The string quartet is the most homogeneous, versatile and resilient chamber ensemble in existence. Although requiring four players, it is, essentially, a 16-string instrument with a range from the cello’s lowest C to the harmonic stratosphere of the violin. Little wonder so many composers since Haydn have penned some of their greatest compositions for such a deceptively simple exercise in orchestration, melody and development.
For the performers it’s both a privilege to share some of the most sublime moments in Western music and a formidable challenge to peel away the notes, leaving thoughts and emotions bare.
In their appearance at the Sunday Afternoon Concerts, the members of the Cypress String Quartet—too earnest in performance; too flippant in the chatty introductions that added nothing to our understanding—frequently shone, were cajoled by the long-dead composers and, finally, out of their depth in Schubert’s magnificent “adieu.”
Eighteen hours earlier, the musicians of the Moscow Chamber Orchestra (cross-reference below) raised the bar for excellence in tone, technique, rhythm and pitch, all the while struggling valiantly with somewhat unfocussed leadership and the same arid acoustics of the Annenberg Theater. It’s a pity the two groups couldn’t have sat together and learned from each other, but “just-in-time” concert touring leaves little space for discourse or reflection.
All the more ironic that one of Haydn’s “Russian” quartets started the proceedings.
There’s an old teacher’s admonition “don’t start the next phrase until you’ve finished the one you’re on!” Throughout the opening “Vivace,” the music was presented in a breathless manner, seriously in need of miniscule but vital punctuation so that the ideas had a chance of being understood. The following “Largo,” showed off the fine legato and bow control of Cecily Ward, but her accompanists backed away into near-oblivion. More into-the-string weight and firmer left hands would have provided a much stronger platform, encouraging the solo line to soar with greater confidence.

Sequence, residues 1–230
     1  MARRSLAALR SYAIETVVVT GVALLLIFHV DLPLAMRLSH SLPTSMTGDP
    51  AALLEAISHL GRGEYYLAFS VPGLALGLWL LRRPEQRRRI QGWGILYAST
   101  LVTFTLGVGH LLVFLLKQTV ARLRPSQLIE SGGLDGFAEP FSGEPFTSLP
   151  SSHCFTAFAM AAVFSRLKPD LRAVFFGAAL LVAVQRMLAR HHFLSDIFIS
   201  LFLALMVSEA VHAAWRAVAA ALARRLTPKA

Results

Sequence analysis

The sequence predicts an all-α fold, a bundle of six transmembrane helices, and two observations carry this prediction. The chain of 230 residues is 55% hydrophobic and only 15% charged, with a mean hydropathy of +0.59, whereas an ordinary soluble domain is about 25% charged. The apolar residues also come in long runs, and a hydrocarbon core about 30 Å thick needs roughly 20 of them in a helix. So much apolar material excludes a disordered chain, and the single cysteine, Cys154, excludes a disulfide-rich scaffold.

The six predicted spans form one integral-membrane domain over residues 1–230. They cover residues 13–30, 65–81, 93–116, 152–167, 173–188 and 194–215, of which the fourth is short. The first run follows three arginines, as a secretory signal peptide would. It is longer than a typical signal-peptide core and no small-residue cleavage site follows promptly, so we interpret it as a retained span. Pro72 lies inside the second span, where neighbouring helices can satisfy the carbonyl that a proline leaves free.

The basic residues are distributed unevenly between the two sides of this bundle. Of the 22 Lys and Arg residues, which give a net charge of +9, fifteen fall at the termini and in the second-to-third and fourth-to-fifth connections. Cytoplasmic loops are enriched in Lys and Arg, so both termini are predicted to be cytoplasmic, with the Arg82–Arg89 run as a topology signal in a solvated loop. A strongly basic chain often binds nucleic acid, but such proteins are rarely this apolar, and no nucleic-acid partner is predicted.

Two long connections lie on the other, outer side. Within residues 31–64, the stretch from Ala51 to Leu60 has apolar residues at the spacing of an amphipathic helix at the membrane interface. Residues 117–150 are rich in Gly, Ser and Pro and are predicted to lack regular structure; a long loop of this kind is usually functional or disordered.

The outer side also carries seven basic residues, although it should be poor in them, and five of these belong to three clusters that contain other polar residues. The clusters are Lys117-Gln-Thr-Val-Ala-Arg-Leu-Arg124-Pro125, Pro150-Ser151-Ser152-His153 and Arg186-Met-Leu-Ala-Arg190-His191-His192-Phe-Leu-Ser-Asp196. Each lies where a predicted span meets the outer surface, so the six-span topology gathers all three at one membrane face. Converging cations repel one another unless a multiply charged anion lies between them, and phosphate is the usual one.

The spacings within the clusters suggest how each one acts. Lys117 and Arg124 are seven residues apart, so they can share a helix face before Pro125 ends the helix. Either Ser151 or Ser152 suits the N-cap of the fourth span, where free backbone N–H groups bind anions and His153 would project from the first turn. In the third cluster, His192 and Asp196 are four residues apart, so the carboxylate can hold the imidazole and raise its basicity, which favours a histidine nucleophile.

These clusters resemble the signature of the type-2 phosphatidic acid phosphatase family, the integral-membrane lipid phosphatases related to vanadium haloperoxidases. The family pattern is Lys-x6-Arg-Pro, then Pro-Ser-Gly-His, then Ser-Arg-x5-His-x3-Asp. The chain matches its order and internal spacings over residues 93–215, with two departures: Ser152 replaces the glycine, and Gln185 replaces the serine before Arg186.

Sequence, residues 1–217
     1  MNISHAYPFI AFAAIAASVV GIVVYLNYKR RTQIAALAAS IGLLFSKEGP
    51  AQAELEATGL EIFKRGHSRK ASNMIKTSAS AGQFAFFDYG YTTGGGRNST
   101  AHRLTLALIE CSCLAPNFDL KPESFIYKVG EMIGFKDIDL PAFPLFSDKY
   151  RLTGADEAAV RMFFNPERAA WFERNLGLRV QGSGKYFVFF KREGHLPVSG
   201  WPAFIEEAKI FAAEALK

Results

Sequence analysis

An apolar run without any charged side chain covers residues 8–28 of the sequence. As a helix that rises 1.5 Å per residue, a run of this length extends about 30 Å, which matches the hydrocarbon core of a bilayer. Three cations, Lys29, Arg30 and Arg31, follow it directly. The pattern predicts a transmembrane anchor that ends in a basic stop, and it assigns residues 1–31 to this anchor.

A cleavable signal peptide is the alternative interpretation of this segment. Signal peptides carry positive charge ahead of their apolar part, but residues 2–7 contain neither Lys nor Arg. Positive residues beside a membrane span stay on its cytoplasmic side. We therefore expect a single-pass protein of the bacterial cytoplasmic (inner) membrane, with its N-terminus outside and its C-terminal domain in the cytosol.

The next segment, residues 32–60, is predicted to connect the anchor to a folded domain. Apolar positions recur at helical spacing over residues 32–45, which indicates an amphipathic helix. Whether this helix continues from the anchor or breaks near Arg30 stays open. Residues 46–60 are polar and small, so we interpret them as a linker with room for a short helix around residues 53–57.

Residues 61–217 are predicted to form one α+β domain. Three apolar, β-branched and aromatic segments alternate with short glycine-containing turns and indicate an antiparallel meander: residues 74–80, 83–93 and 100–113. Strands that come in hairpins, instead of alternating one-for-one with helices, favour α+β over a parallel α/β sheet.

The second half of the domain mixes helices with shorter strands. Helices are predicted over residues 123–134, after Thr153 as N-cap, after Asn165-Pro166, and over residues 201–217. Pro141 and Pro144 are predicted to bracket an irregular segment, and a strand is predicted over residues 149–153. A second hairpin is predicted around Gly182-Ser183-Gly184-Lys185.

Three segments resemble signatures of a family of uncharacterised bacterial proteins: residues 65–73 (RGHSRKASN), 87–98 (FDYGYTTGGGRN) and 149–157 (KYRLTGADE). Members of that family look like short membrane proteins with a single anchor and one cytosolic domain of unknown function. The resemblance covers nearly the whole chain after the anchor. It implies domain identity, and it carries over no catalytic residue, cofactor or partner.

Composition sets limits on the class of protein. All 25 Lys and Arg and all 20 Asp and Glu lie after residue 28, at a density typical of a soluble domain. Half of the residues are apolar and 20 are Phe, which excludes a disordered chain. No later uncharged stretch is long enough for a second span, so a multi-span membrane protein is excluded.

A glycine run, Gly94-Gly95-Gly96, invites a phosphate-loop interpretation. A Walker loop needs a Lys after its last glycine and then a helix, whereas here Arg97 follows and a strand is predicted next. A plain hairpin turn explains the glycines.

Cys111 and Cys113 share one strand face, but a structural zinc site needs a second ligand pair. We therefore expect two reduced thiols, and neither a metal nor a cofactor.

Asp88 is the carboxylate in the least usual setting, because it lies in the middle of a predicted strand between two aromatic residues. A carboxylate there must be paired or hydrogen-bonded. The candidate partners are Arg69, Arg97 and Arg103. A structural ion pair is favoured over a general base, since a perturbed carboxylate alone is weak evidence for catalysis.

The “Scherzo” sped rather than rollicked, its Trio the pick of the crop. More lilt and lift in the Finale (too many bows glued to the strings) would permit the lines to spill over the bars rather than be their hostage. Nonetheless, the solo contributions by Ethan Filner and Jennifer Kloetzel were first rate, if just a tad understated. For all his genius, Haydn has a subtle but tears-in-your-eyes sense of humour: it’s OK to get the giggles in the sudden stops, often followed by a foray into the “wrong” key. But I digress.
The first two movements of Ravel’s F Major Quartet came across technically sound, but generally tentative and disjointed. A few pitch problems added more to the unease. Greater attention to the rise and particularly the fall of the dynamic shadings in the accompanying lines would much improve the near-continuous ebb and flow.
From the opening theme of the viola then cello, the performance moved up to another plane as the “Très lent” unfolded. Here is writing that is so seamless that surely its ethereal texture comes from one instrument. Then the “Presto” took flight, Ravel’s brilliance pushing his able protagonists forward with passion and verve to the final measure.
Schubert’s resplendent “Death and the Maiden” needs a few more trips to the woodshed before another attempt in public. It was astonishing to hear so much sloppy rhythm and lack of surety. The angelic “ Andante’s” theme and accompaniment the worst offenders: the two eighths were seldom of equal value, producing a casual result that never approached the overarching sense of pathos. Too often, the “Presto” flew apart at the seams and was exciting for all the wrong reasons.
I offer these musings in the hope that the enormous raw talent that dwells within these four performers will be further shaped and honed, ready to share the insights and feelings that permeate the string quartet repertoire. JWR